Part c requires some attention to detail in unit conversion as well as a logical assessment of the information you’re given. Molarity is moles per liter, so the question is how many moles of Ba(OH)2 were there per liter in the original solution without the added H2SO4Since the conductivity starts going back up after 30 ml of H2SO4 are added, that means that at that point the number of moles of H2SO4 is equal to the number of moles of BaOH2 in the original solution.
We can calculate that 30 mL of 0.10 M H2SO4 is equivalent to 0.0030 moles (0.10 moles/liter multiplied by 0.030 liters). There should be the same number of moles of BaOH2 in the original solution, so we can divide 0.0030 moles by the original 0.025 L (25 ml) to arrive at our answer of 0.12 moles/liter or a molarity of 0.12 M.

Part d requires you to use Ksp (the solubility product constant) to determine the amount of Ba2+ ions that remain in solution at the equivalence point. The question tells us that for BaSO4, Ksp = 1.0 x 10-10The solubility product constant equals the product of the number of ions of each component of the precipitate. Each of these is raised to the power of its coefficient in the original net ionic equation, which in this case is 1 for both:

Ksp = [Ba2+] x [SO42-]   

At the equivalence point, the amount of each of these ions is equal. This means that [Ba2+] x [SO42-] = [Ba2+]2 and [Ba2+]2 = 1.0 x 10-10The number of Ba2+ ions would be the square root of Ksp, which is 1.0 x 10-5 M.

Part e asks you to explain why there is a lower concentration of Ba2+ ions in solution as the amount of H2SO4 added increases past the equivalence point. In this case, you would need to mention the common ion effect and the fact that if you add sulfate ions to an equilibrium reaction involving other sulfate ions, the reaction will consume the added ions to reach a new equilibrium. This means that more of the precipitate (BaSO4) is formed, and more Ba2+ ions are taken out of solution to contribute to it.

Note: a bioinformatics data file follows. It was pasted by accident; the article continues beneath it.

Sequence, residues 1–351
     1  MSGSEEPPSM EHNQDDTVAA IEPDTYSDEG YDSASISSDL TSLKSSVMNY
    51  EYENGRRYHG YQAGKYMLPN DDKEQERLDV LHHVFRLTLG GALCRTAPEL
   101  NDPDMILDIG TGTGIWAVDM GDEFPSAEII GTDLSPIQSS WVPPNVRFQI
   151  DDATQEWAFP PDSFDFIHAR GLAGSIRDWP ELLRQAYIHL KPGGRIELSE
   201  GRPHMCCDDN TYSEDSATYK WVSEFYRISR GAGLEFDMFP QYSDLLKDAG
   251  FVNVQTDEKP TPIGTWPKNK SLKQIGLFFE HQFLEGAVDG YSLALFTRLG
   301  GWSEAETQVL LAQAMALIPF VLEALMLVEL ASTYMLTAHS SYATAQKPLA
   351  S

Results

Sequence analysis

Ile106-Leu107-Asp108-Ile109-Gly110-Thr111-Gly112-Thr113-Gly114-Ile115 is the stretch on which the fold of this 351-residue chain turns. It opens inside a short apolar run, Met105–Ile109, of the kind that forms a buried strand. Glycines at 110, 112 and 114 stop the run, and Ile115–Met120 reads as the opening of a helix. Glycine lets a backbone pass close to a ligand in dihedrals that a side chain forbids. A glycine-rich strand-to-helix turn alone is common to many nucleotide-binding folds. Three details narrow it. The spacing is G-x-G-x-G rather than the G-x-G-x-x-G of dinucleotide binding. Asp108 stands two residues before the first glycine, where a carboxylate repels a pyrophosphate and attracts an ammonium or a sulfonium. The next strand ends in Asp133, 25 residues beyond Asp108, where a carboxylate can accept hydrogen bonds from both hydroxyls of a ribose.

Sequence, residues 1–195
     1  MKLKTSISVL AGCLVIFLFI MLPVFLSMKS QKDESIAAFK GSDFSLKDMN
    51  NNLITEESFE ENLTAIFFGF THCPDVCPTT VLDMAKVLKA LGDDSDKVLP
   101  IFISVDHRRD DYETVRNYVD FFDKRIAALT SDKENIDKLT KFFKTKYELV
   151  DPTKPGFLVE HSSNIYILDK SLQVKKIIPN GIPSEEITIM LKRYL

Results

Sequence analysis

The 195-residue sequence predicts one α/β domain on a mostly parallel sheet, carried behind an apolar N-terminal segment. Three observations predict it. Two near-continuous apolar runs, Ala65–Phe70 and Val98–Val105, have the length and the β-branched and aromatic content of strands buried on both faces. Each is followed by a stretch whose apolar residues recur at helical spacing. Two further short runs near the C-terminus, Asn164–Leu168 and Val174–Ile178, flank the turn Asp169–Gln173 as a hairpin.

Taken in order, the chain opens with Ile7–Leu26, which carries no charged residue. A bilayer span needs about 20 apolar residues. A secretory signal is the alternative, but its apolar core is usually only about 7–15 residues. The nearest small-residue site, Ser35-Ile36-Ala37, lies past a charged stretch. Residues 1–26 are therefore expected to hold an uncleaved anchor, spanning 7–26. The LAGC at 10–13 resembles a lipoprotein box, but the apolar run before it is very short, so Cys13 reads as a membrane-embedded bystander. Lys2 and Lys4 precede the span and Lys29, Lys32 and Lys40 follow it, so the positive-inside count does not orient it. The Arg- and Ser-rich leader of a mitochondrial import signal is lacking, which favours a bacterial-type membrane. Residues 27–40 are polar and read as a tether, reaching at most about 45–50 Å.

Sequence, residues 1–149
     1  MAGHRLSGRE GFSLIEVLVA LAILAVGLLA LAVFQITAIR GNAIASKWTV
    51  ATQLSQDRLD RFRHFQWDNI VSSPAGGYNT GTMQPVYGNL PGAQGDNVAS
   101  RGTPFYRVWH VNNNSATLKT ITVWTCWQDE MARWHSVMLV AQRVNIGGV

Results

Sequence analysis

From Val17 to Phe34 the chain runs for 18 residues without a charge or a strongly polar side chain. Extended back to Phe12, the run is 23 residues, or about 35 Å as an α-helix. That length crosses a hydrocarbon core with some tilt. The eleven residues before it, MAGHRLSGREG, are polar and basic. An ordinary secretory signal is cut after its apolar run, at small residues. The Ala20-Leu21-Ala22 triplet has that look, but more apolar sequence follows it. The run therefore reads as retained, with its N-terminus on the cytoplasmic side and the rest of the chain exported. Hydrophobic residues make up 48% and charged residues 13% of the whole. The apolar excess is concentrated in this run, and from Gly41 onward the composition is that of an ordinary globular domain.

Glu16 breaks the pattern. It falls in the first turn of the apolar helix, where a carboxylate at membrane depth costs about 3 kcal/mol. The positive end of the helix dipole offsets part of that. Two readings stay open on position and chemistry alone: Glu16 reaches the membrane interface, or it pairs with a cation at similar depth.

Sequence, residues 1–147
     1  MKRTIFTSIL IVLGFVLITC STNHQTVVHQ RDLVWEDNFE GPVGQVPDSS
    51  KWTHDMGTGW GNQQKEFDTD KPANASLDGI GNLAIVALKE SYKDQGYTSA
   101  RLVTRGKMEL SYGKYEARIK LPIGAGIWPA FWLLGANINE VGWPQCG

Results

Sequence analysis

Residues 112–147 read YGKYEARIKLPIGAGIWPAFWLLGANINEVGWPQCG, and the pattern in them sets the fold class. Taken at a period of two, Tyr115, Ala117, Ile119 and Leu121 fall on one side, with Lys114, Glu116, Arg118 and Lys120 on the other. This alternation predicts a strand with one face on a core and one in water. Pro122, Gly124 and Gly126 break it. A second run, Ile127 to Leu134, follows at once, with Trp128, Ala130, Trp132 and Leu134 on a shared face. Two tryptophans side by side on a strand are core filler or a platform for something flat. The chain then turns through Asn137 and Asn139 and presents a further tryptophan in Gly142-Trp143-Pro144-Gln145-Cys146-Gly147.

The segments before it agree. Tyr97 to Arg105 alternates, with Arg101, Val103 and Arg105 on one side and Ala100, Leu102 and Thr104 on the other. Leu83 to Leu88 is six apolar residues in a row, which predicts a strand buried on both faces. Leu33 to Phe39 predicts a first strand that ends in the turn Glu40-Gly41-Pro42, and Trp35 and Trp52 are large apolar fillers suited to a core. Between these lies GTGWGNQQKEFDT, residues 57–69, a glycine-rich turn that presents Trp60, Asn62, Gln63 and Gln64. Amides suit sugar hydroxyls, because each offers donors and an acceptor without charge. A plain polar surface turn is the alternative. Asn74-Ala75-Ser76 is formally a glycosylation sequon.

body_equilibrium.jpgEquilibrium must be reached. Transition from being (I've been getting into yoga lately even though I can't touch my toes without feeling like my whole body is being ripped apart).


So, as you can see, the questions on the test range from short and sweet to long and moderately evil. An important thread that runs through all of them is that you need to know basic background information about why certain substances act the way they do (Why do some substances have higher boiling points than others? What does collision energy have to do with molecular reactions? Why do some chemical substances conduct electricity?) . Being able to justify your answers is always very important. Make sure you never lose sight of the fundamentals as you get into more complex calculations and concepts. 


How Is the AP Chemistry Exam Scored?

As I mentioned in the first section, the multiple-choice and free-response sections are each worth 50 percent of your score. No points are taken off for incorrect answers on either section (no guessing penalty).

To calculate your multiple-choice raw score, add up all the questions you answered correctly. This means you can earn a maximum of 60 points on the multiple choice section. The free-response section is a little more complicated, but if you have scoring guidelines, you should be able to figure out how many points you’ve earned. Short response questions are worth 4 points, and long response questions are worth 10 points, so you can earn a maximum of 46 points total on this section.

Convert each of these scores into numbers out of 50 so that they each make up half of your final raw score.  Say you got 40 out of 60 multiple-choice questions correct. You would convert this score to the equivalent fraction of 33 out of 50. Then, if you got 30 out of 46 points on the free-response section, you would convert that to the equivalent fraction of 32 out of 50 points. Add the two scores out of 50 together to get your final raw score out of 100. You can use the conversion chart below to give yourself a rough estimate of how your raw score might translate to a certain AP score. In this case, your raw score of 65 would be right in the middle of the 4 range.  

We can’t be absolutely sure that these raw score ranges will correlate exactly with these AP scores because the curve is slightly different every year. If you find you’re close to the bottom of your goal score range in practice testing, don't get complacent! You should probably put in a little more studying so you can feel more secure.   

Raw Score

AP Score

Percentage of Students Earning Each Score (2015)

72 - 100



58 - 71



42 - 57



27 - 41



0 - 26





5 Study Tips for AP Chemistry 

Here are some additional tips that will help you prepare for the exam appropriately and improve the efficiency of your studying! 


#1: Always Ask Why

Don’t gloss over questions that you got right through lucky guesses. If you don’t understand exactly why the correct answer is correct, you need to review the concept until you do. Chemistry builds on itself, so if you don’t get the fundamental reason your answer was correct or incorrect, you could be in for a whole mess of trouble in the future.